In 2012, there were 284,000 hospitalizations of Israelis in internal medicine wards – a number similar to the figure for the year 2000. But relative to the population, that 2012 figure represents a 21-percent decrease from 2000 in the rate of hospitalizations, due to the large growth of the Israeli population during the intervening years, according to a new Health Ministry study.
- Israeli hospital receives Ukrainian wounded in unrest
- TV show refuses tax probe’s demand for medical tourism material
- As Hadassah ails, Jerusalem's second medical center thrives
- Israel at 66: 8.2 million residents and 14 cities
- Israel in 20 years: It’s going to get crowded
- Israel failing to invest enough in health care, Bank of Israel warns
The study is based on information from 133 internal medicine departments in 28 hospitals in Israel, which together have 3,697 beds for inpatient care.
The long list of numbers in the 60-page report give a statistical picture of the situation in the hospitals’ internal medicine wards – the heart of Israeli hospital care.
Most of the numbers are not at all surprising: The elderly fill most of the beds, and many of those hospitalized return. But the figure the ministry chose to highlight makes the Israeli health system look wonderful, even a modern medical miracle: While the overall population grew by 1.8 percent a year over the period, the number of internal medicine hospitalizations held steady for over a decade.
The message wrapped inside these figures is that the health care system is a combination of efficiency and progress – or that the Israeli public is getting healthier. But this list of exacting details, down to the tenth of a percent, is obviously missing the data on the rate of occupancy of these wards and the overcrowding they have to deal with constantly – which seems to be the more relevant figures regarding the quality of the treatment the patients receive.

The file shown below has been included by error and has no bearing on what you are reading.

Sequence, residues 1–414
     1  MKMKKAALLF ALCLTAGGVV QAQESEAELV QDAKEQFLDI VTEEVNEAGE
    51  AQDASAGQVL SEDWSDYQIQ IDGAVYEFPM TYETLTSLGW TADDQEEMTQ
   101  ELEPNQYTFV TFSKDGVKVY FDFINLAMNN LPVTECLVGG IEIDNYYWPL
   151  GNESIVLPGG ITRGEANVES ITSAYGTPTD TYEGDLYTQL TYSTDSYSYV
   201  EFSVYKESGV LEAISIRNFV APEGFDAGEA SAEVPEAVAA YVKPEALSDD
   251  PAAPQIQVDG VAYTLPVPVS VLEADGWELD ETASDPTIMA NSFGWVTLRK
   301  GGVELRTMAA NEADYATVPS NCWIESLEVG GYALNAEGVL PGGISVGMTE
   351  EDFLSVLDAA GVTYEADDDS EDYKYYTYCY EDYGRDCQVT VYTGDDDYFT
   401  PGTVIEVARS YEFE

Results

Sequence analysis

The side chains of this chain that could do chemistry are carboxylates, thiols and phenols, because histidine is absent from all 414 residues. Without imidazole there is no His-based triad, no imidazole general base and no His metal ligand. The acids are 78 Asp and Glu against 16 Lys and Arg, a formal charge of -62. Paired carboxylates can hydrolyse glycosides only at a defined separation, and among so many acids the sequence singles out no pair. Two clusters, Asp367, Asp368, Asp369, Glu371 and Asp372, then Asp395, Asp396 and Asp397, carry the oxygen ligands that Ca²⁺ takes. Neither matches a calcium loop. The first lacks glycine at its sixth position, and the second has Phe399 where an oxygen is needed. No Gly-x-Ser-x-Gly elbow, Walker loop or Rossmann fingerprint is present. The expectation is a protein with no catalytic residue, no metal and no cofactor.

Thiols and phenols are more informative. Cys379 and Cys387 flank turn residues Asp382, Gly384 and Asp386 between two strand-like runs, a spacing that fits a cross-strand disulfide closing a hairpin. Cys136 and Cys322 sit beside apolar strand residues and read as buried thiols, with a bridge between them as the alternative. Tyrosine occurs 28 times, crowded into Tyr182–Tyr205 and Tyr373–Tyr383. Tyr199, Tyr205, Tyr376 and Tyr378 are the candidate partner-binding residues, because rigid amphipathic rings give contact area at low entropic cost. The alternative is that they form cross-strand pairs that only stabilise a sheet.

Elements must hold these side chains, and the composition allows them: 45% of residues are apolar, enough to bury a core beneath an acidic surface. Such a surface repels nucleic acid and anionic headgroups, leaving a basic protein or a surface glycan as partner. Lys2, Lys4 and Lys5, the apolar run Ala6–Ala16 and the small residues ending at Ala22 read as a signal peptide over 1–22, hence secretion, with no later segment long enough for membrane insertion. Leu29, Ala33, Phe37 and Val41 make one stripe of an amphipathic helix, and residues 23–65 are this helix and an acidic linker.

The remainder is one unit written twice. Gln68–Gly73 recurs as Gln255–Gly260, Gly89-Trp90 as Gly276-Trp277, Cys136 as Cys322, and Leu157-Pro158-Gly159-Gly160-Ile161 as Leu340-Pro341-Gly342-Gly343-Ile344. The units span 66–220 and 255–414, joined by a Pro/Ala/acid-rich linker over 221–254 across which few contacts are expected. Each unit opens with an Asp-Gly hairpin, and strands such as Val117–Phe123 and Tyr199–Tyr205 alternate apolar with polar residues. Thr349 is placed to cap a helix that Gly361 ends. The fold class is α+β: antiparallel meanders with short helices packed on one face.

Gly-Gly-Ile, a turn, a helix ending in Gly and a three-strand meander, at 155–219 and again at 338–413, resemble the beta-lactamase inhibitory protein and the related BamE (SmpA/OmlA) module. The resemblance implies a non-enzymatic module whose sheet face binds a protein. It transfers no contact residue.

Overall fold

The crowding in the wards did not decrease over the past decade, said one internal medicine department head to Haaretz. Her ward reaches peaks of 150% occupancy, she noted. Two main trends characterized the last decade: The improvement in health services provided in the community, and the rising age of patients who are hospitalized, said the ward chief. Many of the elderly patients need full-time nursing care, which keeps the system much busier than in the past, she said. The combination of the two trends has only made the situation in the hospitals worse — even though the number of patients is the same, the condition of those hospitalized is much more serious.
The most common diagnoses for patients hospitalized in internal medicine departments are vascular and pulmonary problems, chest pains, infectious and parasitic diseases, including those of the respiratory and urinary tract, though not pneumonia. The percentage of patients who suffered a stroke or heart attack has fallen over the past decade, though it seems that part of this reduction comes at the expense of their being hospitalized in other departments such as intensive care, neurology, cardiology and vascular surgery.
A large number of patients also return to be hospitalized within a month of being released the first time, about 20 percent, with 8 percent returning within a week. In 2012, a quarter of all hospitalizations for those over age 75 were “returnees,” and the ministry found that the longer the first hospitalization period, the higher the chance the patient would return.
The chance a of a patient returning also rises with age. For example, at age 85 and older the chance for rehospitalization is 1.8 times that for patients aged 18 to 44. But there are other interestingstatistics concerning returning pateints: Married people have 0.9 times chance of returning compared to singles. Patients who arrive via the emergency room have a possibility 1.6 times higher to be rehospitalized.